Tony Korfman’s Poker Book
Tony Korfman’s poker book has been sitting on the bottom shelf of my office library for almost five years, gathering dust.
Make that Korfman’s two books. For some reason, two copies were sent to me — unsolicited. He either really, really wanted me to write a book review. Or, his agent is a royal screw up.
Wait, Tony Korfman has an agent?
For those who don’t know Korfman, how shall I describe him? His bio page says he was “born in New York, raised by seagulls in San Francisco, and now lives in Las Vegas.” These days, he’s usually camped out in some dumpy poker room, wearing a leather logo-laden NASCAR bomber jacket that has to be hot as blazes during the summertime. I mean who wears a leather bomber jacket when its 115 degrees outside?
Tony Korfman! That’s who!
I have no idea what compelled me to crack open his book a few days ago following such a long hibernation. Like a forgotten classic Montrachet, it’s been there in the book cellar aging forever, aching to be opened for all the floral splendor to be enjoyed.
Here’s a little more about Korfman.
He’s 70, going on 17. For many years, the Las Vegas poker scene has produced a joyous stream of “Korfman sightings.” Towering at well over 6-feet tall, he’s easy to spot. Sit in any game long enough and Korfman eventually will surface. He’s like Jaws. The stealthy beast just pops up out of nowhere with mouth and jaws snipping and snapping full blast, bred from birth to rip into flesh. No one knows how much or how many of Korfman’s stories are actually true. I suspect all of them, because you can’t make this shit up. It’s doesn’t really matter. They’re usually funny as hell.
Korfman is one of those no-nonsense old pricks who both irritates and gets irritated by anyone who’s younger than him, which means just about everybody who plays poker nowadays. He’s chicken-necked 22-year-old punks right out of their seats and has even taken swings at people. You gotta’ love that. Yet, he’s never been banned so far as I know. Now, that’s skill. Korfman’s antics might not appeal to everyone, and might even be shocking at times, but he’s usually doing what the rest of us all want to do. At the table, he takes no prisoners. He’s poker’s prize pit bull. If there’s such a thing as reincarnation, Korfman will return in another life as a rooster in a cockfight.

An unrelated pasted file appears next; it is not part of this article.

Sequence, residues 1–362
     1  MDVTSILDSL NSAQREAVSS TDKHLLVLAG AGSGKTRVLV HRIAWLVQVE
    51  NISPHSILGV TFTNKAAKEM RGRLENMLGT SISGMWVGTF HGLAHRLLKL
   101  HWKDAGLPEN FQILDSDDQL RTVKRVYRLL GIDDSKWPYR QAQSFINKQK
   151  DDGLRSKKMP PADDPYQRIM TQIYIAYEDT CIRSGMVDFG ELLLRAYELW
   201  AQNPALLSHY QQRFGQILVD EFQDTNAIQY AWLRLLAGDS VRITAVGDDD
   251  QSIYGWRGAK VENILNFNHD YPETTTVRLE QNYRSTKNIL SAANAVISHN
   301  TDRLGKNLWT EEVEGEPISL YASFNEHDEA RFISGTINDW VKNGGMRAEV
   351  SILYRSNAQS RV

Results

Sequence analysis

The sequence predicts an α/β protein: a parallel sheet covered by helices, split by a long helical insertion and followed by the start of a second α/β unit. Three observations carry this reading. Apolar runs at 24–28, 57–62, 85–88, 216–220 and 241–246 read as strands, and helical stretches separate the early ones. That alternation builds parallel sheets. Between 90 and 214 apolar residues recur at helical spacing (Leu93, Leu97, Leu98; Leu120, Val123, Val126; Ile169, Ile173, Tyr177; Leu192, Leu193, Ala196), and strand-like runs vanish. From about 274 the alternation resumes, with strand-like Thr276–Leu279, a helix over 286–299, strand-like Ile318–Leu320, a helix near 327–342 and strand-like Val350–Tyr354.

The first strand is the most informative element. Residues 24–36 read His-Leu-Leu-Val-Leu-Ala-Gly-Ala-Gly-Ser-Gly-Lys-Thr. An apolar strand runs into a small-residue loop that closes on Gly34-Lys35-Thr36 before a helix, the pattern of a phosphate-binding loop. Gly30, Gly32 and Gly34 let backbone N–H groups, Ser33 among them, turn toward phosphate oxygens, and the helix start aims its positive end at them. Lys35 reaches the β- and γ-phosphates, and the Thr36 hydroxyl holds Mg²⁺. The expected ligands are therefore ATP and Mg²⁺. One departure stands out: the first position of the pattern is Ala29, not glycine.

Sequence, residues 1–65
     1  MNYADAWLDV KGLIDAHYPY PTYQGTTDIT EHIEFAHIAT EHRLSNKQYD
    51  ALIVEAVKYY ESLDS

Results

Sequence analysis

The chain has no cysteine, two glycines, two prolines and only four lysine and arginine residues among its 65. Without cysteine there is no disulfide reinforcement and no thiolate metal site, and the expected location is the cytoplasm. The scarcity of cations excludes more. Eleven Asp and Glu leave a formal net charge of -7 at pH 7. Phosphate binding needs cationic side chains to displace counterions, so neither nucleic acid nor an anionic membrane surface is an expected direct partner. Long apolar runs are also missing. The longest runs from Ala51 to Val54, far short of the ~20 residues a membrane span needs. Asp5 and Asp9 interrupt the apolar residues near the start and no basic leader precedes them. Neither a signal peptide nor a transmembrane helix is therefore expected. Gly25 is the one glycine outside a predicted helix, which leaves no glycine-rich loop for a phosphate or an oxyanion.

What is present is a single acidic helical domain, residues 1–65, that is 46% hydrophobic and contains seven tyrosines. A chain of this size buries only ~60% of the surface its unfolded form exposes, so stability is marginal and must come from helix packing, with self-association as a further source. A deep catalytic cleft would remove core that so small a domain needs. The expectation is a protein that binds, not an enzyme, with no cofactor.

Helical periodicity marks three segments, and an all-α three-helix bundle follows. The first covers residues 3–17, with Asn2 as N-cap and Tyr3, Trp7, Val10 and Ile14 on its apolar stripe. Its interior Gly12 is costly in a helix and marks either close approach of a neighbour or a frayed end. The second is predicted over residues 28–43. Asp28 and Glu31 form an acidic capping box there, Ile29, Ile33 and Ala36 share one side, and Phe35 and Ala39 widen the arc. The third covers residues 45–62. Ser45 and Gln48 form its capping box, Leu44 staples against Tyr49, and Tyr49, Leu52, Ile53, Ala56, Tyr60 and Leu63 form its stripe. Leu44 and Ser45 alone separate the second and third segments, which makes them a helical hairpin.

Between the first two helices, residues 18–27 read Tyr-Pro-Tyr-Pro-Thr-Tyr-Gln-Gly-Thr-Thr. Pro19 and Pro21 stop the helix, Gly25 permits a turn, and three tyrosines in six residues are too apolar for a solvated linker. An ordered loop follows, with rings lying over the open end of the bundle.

Consder the following fact. Right now, there’s a 62-page thread exclusively dedicated to Korfman on TwoPlusTwo (2+2), which makes him damned-near a legend. I mean, who in the hell generates 62 pages of posts at TwoPlusTwo?
Answer: Phil Ivey, Daniel Negreanu, Phil Hellmuth, and….Tony Korfman!
Korfman’s book written some five years ago is called Texas Hold’em: Tournaments, Cash Games, and Embarrassing Social Gas. That appalling title pretty much sums up what you’d expect, which shock-jock humor and a long-winded narrative that pulls no punches. He’s an equal-opportunity jackass.
The book worked for me. Totally. But then I love provocation. For me, what made this a compelling read was the authenticity, the brutal honesty — laughing out loud at just about everyone, but most of all himself. No one in Korfman’s life gets off easy, including Korfman who bears his soul between the covers.
That said, this book is a mess. It bounces around from subject to subject and zig-zags like a deranged man hooked on steriods. But that’s the appeal, too. This is train wreck poker at its finest. Poker’s Howard Stern Show. And, if you don’t like the topic you’re reading, then turn the page where he shoots off onto another tangent. It’s more unpredictable than mid-March weather.
Korfman also happens to be a pretty good writer, his skills undoubtedly enhanced by being a gifted storyteller. I like that all of his material has a point to it. Rather than merely self-indulgent, there’s usually a higher purpose to the lunacy. Perhaps the biggest shocker is this: There’s actually lots of good poker advice, that is, if you can stop laughing long enough to take it in. What’s particularly helpful are his thoughts on low buy-in tournaments, which has become Korfman’s fortay. At 388 pages, the book reads faster than you’d expect.
Of course, Korfman’s off-beat brand of in-your-face humor won’t appeal to everyone. There’s plenty here to offend lot of people. But behind his growl and bite, there’s a gentler man who cares enough that he’s willing to share what he knows, which I think merits some curiousity.
Can one person be both a hero and villian at the same time? Yes, indeed. In his book, Tony Korfman wears both masks convincingly.
Note: This is actually Korfman’s seventh gambling-related book, following a series of primers on craps, slots, and other games. No, I haven’t actually read his other books, most of which were published back in the 1980’s. Unless there are two Tony Korfman’s in this world writing about casino games, then I presume he’s the one guilty of penning “Slots: Playing to Win, a Humorous and Informative Gaming Guide.” Come to think of it, that book sounds so laughingly bad, it might actually be pretty good. Its on order. Review to come.